Pidgin also intermixes the buddies in your various accounts. The Sidekick segregates your buddies by service. You are limited to one account with any service. I would like to be able to sign on to my ICQ account (same protocol as AOL’s AIM) and my second AIM account. Again, Pidgin does this right by allowing you to sign into as many accounts as you want, and logging each on in according to the correct protocol.

The IM client on the Sidekick does not log messages or store any history. I find it especially helpful to see the last few messages I’ve exchanged with somebody. On the desktop I also log all my conversations that I can later search them.

I like the auto-reconnect feature of the AIM client. However the sidekick lacks auto-reconnect for MSN and Yahoo. My MSN and Yahoo accounts generally get kicked offline every hour or so and I have to manually reconnect them.

Text Messaging

The keyboard makes texting a joy on the Sidekick. I never sent text messages from my old phone because they were so hard to type.

With all the messaging ability on the Sidekick, I’m not sure that it makes sense to have three top level menu items for messaging. Text messaging and instant messaging are especially so similar, that it would be nice if they were combined into a more cohesive unit. If email could also be squeezed in there, I think it could make the top level menu a bit clean easier to use. I’m thinking of Messaging -> ( New Messages | Archive | Compose ) type of hierarchy.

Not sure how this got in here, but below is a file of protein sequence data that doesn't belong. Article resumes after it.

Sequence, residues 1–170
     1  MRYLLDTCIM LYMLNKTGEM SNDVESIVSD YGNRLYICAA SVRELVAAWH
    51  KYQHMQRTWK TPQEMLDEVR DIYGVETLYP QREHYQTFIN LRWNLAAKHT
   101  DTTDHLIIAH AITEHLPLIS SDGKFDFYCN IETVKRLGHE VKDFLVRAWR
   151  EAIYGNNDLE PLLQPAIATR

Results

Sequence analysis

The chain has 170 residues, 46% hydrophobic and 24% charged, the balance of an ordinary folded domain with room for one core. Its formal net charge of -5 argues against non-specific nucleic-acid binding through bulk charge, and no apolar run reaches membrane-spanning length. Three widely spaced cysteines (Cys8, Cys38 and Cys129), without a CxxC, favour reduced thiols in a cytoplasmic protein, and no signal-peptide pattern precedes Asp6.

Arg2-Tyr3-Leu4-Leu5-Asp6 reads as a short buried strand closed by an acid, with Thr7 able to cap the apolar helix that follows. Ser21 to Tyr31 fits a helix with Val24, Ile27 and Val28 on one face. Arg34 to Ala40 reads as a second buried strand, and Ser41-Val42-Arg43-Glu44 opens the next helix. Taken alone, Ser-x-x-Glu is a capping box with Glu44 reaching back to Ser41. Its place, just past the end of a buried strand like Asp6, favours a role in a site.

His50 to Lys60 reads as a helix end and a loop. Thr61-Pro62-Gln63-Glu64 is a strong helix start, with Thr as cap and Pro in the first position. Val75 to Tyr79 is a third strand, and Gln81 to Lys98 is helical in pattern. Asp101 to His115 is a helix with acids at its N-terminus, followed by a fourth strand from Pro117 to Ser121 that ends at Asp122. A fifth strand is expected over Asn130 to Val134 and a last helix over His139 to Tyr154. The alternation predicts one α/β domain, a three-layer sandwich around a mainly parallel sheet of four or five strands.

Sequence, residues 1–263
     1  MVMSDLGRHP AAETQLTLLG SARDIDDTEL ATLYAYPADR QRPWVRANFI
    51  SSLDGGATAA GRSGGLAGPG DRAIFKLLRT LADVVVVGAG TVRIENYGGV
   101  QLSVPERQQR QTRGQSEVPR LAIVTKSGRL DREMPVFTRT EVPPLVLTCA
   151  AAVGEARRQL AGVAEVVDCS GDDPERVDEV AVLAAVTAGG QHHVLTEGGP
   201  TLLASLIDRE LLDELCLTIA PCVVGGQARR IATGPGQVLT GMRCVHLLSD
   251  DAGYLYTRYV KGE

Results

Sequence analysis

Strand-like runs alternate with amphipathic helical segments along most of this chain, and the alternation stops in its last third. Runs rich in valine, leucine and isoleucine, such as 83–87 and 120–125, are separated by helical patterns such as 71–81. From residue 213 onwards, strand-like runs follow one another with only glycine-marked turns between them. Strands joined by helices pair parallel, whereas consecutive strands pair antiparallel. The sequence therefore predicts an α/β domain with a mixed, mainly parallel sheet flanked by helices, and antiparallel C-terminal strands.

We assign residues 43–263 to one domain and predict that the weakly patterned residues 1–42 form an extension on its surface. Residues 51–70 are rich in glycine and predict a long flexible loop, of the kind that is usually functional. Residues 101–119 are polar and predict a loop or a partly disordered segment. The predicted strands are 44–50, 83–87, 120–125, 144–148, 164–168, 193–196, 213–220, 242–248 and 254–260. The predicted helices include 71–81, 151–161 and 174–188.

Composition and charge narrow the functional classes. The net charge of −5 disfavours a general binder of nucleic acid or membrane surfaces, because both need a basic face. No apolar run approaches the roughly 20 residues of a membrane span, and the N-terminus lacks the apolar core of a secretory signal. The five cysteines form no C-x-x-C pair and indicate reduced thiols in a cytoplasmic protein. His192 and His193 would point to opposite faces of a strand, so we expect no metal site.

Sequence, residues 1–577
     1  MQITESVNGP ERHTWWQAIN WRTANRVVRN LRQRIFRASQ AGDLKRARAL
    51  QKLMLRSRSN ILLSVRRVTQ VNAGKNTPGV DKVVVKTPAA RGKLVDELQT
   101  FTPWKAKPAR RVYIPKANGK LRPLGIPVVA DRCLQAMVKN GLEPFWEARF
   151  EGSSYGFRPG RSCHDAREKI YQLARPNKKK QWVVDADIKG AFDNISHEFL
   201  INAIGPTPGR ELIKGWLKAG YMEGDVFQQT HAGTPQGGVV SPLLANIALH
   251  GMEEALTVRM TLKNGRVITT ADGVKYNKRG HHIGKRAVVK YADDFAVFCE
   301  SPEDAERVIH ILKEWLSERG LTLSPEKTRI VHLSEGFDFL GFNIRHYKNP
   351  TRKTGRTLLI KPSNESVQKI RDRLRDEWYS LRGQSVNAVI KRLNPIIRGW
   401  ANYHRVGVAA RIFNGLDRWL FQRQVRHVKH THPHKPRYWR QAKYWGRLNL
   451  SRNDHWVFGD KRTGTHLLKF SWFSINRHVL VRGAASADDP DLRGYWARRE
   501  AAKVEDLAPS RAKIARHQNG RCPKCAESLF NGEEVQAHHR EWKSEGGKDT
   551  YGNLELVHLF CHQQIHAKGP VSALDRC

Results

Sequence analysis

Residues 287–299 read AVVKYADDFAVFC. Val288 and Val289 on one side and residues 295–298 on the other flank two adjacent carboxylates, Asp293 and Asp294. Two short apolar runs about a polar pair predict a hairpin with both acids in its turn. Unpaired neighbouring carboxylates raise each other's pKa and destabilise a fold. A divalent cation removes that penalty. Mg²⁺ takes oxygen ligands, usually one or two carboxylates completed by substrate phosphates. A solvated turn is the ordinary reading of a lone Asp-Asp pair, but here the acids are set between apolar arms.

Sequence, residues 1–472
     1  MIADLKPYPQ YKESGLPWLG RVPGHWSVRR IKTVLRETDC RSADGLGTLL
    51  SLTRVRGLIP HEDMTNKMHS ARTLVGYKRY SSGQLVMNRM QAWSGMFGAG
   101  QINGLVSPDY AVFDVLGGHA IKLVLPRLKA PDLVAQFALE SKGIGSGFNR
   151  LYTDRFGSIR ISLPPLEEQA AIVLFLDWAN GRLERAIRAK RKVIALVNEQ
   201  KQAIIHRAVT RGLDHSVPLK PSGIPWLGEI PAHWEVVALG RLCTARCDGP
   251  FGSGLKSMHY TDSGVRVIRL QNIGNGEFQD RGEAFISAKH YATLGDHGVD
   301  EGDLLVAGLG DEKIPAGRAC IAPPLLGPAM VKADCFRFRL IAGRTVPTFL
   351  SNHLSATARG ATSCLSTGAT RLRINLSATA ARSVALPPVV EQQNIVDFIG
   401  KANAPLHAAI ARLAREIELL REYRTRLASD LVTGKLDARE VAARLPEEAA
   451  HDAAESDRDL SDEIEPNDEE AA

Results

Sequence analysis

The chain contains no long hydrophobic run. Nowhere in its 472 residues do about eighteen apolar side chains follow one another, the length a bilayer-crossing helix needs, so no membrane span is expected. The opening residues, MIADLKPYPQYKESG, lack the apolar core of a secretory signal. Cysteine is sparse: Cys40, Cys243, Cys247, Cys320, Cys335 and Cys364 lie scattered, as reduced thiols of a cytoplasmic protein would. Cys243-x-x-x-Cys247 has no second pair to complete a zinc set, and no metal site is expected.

Address Book

The address book supports all the fields that I want. The address book is well integrated with the phone and email. Syncing ability seems poor though. I can email out the contacts in vcard format one at a time. There is no way to be a way to email out multiple contacts at once. If I send an email to the Sidekick, the attached vcard does not get imported into the address book.

Web Browser

The web browser is somewhat limited on the small screen. It appears to be the AvantGo mobile web browser, but it isn’t labeled as such in the menus. I was hoping to be able to install the Opera Mobile browser, but it doesn’t seem to be available for download. The browser seems to render pages well (if linearly). It seems to hang on some pages that redirect. For example you can’t go to coinmill.com and select two currencies from the drop down box — it never reaches the next page. The browser supposedly supports JavaScript, but not enough to do simple currency calculations on coinmill.

I would expect a mobile phone to support WAP pages that are meant for small screens. Visiting a WML page shows the source code. The page is not rendered.

Photo Album

The photo album seems pretty nice. I was able to email pictures to the phone and put them in the photo album. Space is very limited with only about 2MB available for photo storage. The photo album is nice, but it is hard to switch between the album and full screen. I would expect either the “enter” or “Done” button to switch to full screen when a photo is selected in the album. The “enter” button checks the photo, and the “done” button acts more like “cancel” and returns to the menu. Instead you have to hit the top right button or use the menu. When returning from full screen to the album, the selection reverts to the first photo in the album. I would expect the photo you were viewing full screen to be selected.

SSH Client

I shelled out $10 for the terminal application. I’m really excited to have ssh access to work and personal servers from my cell phone. The wireless connection’s high latency makes typing rather slow on a remote server, but good enough for a quick edit or an emergency. I can configure all my servers and offers to remember user names and passwords. If I don’t want it to remember passwords it always remembers just the user name.

Calendar

Maybe I’m missing it, there is no way to sync the calendar with my desktop calendar. Without that, I don’t think I want to even try using the calendar.